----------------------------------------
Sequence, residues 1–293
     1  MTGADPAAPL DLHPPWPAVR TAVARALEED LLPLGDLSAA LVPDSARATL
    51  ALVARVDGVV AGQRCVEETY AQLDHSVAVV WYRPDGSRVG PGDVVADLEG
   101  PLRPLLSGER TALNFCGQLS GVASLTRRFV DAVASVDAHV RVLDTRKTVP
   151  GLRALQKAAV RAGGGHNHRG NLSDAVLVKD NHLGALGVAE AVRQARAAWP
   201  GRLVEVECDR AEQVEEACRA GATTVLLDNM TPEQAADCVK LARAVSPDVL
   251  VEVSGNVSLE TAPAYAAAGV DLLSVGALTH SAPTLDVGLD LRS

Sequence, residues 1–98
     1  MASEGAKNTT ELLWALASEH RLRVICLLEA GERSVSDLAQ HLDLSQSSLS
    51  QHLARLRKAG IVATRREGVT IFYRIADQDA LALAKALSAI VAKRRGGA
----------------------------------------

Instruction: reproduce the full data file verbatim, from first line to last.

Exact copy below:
Sequence, residues 1–293
     1  MTGADPAAPL DLHPPWPAVR TAVARALEED LLPLGDLSAA LVPDSARATL
    51  ALVARVDGVV AGQRCVEETY AQLDHSVAVV WYRPDGSRVG PGDVVADLEG
   101  PLRPLLSGER TALNFCGQLS GVASLTRRFV DAVASVDAHV RVLDTRKTVP
   151  GLRALQKAAV RAGGGHNHRG NLSDAVLVKD NHLGALGVAE AVRQARAAWP
   201  GRLVEVECDR AEQVEEACRA GATTVLLDNM TPEQAADCVK LARAVSPDVL
   251  VEVSGNVSLE TAPAYAAAGV DLLSVGALTH SAPTLDVGLD LRS

Sequence, residues 1–98
     1  MASEGAKNTT ELLWALASEH RLRVICLLEA GERSVSDLAQ HLDLSQSSLS
    51  QHLARLRKAG IVATRREGVT IFYRIADQDA LALAKALSAI VAKRRGGA